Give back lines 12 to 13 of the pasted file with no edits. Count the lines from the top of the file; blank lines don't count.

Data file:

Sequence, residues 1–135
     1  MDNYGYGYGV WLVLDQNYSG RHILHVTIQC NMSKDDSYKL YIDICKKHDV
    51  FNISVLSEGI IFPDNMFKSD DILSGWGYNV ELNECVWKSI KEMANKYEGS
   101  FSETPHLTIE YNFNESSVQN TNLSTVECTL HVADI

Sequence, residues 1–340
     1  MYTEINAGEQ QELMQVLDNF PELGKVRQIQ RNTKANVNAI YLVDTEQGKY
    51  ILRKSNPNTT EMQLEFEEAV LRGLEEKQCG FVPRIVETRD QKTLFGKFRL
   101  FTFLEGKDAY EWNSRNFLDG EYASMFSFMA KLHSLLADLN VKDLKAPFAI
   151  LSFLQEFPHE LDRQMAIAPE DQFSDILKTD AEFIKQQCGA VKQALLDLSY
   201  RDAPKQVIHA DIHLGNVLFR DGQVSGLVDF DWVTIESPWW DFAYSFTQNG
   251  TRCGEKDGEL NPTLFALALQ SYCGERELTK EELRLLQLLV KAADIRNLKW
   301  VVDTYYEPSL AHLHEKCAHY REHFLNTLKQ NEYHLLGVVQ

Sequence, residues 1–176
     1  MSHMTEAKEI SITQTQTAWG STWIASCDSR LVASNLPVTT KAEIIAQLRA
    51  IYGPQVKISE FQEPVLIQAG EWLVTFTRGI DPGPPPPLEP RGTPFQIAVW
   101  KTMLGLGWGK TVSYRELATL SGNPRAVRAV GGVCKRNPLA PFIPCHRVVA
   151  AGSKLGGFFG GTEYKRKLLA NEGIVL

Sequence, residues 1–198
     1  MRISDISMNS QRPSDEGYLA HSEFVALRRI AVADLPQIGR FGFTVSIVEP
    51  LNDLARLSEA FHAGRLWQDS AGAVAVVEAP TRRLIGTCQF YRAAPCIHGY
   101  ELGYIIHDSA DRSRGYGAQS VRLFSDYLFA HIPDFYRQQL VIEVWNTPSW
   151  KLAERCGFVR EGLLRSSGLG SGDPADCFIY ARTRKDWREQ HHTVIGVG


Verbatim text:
   301  VVDTYYEPSL AHLHEKCAHY REHFLNTLKQ NEYHLLGVVQ

Sequence, residues 1–176